Archives for posts with tag: XC

I will be missing the running scene of Western Mass. When I moved here 4 years ago, I was truly surprised by the volume of local races and talent present in the Valley. I join SMAC and I met remarkable people both on and out of the road; if I got faster, I know whom to thank.
During the summer, the Valley thrives with running series: the SMAC Race Series and the Northampton XC 5k.

The latter is a fun, local series held every Tuesday at 6:30pm at the Northampton Community Gardens. The route bridges between cross-country and trail: 5k long, it’s not an easy course and it took me a few times to get a handle on it. I learned a lot about racing by running it pretty regularly for the past 3 months: I learn the course and the people running it, when to hold and when to pick the pace.

I’ll be missing this little gem.

XC Runners at Noho XC

the race


As we say in Italy: non c’è due senza tre. (Good things come in three’s is a rough equivalent.) After two weekends of racing, I needed a third race to finish August in glory: the Tomato Trot in Granby, a 5k XC race in its 9th year, felt about right.
I got a taste for cross-country with the weekly appointment of the Northampton 5k XC Series, and the Red Fire Farm Tomato Festival of which the race is part sounded like a fun activity for a lazy Saturday morning.

Tomato Trot 5k XC — photo credits: Red Fire Farm

Red Fire Farm Tomato Trot


The Larch Hill English Style X-C Classic is certainly one of the most atypical race I’ve ever run, and possibly one with the longest name.
I ran it last year as a come-back that wasn’t: I ran the Hot Chocolate after but, had I listened to my body more carefully, I would have taken a break instead of forcing more miles on what became a pretty awful tendinitis and almost a year in the sidelines.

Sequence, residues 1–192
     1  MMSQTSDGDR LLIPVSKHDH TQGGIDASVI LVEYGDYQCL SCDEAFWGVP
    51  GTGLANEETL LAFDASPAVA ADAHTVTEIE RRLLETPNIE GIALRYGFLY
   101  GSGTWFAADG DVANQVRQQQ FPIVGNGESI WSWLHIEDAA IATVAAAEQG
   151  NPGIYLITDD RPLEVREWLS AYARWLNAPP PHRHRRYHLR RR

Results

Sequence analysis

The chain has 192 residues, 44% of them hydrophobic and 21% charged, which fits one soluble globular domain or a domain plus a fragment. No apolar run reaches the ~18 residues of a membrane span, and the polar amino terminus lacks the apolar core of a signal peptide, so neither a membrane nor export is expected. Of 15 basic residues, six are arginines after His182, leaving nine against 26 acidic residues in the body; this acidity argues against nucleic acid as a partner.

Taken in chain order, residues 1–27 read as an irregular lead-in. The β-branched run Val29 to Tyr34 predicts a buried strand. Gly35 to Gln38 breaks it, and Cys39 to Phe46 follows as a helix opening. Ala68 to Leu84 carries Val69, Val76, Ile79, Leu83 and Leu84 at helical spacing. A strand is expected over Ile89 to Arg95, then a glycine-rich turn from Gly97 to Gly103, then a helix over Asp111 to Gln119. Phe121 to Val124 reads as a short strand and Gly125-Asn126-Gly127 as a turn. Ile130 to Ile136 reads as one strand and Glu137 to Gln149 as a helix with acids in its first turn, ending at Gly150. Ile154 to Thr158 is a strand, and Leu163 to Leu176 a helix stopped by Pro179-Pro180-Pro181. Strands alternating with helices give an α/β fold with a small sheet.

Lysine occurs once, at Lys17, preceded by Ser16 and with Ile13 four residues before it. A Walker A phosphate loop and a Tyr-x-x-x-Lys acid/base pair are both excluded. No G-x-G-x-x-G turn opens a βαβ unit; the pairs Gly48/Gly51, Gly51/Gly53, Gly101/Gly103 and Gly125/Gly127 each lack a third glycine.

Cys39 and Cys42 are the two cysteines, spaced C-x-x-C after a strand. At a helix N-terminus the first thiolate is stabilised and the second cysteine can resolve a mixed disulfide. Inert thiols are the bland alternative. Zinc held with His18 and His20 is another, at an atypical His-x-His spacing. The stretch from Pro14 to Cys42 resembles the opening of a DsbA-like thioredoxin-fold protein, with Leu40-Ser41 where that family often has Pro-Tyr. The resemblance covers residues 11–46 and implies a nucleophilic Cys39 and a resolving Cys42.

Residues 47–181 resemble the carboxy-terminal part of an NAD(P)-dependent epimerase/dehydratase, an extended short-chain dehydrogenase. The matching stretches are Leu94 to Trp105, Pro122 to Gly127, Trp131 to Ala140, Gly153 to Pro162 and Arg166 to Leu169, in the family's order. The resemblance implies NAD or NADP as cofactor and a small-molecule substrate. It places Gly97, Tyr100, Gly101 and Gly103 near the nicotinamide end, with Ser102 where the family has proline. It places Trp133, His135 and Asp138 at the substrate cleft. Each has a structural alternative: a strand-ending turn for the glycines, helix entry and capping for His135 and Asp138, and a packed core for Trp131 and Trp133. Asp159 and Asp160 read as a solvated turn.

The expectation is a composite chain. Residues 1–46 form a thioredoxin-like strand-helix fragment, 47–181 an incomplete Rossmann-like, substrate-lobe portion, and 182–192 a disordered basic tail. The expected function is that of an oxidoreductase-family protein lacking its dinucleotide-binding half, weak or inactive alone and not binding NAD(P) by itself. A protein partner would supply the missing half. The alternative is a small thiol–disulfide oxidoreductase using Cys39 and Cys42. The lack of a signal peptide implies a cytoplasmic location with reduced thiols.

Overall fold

It was a bit a feeling of revenge and a bit the joy of running a race so different from those I usually run that I went to my car on a barely-above freezing Saturday morning and drove to the Bramble Hill Farm. I got there unreasonably early and had the chance to talk with people of the farm, take pictures, and enjoy a jog mostly out of the necessity of warming up myself and my frozen muscles.
After the kids’ fun run, it was the turn of the grown-ups: 3 miles run around the external perimeter of the farm jumping on hay bails and fences, a cross-country style steeplechase. The route was the same as last, what was different were the conditions: the freezing cold temperatures and the snow fall of Thursday and of Saturday night (I am looking outside my window to the brightly colored leaves and to the snow on the ground) made many feel like few days off of Christmas rather than of Halloween. It was a tough run, not only for the freezing air, but mostly for how hard it was to navigate through mud and cold water. And I am using to navigate not by chance: every step was an inch deeper in mud and water; the frozen feet, the uneven terrain, and all the energy lost in the soft ground made for a slower, though tougher race.
It was possibly one of the toughest race I have ever run, and it was a lot of fun! (At home, I did truly and utterly enjoy a hot shower!)

I am still waiting for the official results, but my time should be of 22 minutes and spare; a race run for the experience rather than for the PB. (Here are all the few photos I took before the race.)

[update] The results are finally in: 22:03.

Bramble Hill Farm, Amherst, MA

in italiano …

As another foot or more of snow is expected to fall over Amherst and the university is closed one more time, the running season is already fully in motion; last weekend saw the best American long-distance runners join in Houston, TX for the US Half-Marathon Championship with Mo Trafeh winning over Ryan Hall by 3 seconds in 1:02:17, and Jennifer Rhines leading in 1:11:14. In Italy the rap’s not much different, as Italian runners gathered in Varese for the Italian Cross-Country Championship.

Following the posts on the 100km in the Namib Desert race I translated from the Italian blog AndòCorri, I’m offering the translation of a post that appeared on Monday.

A caveat: I don’t know how to translate few terms used in the field, and I went for sub-elite for the allievi/allieve category, while translating literally junior/senior maschili/femmili and promesse categories.

Click for more pictures at AndòCorri

in Matteo Vecchia’s words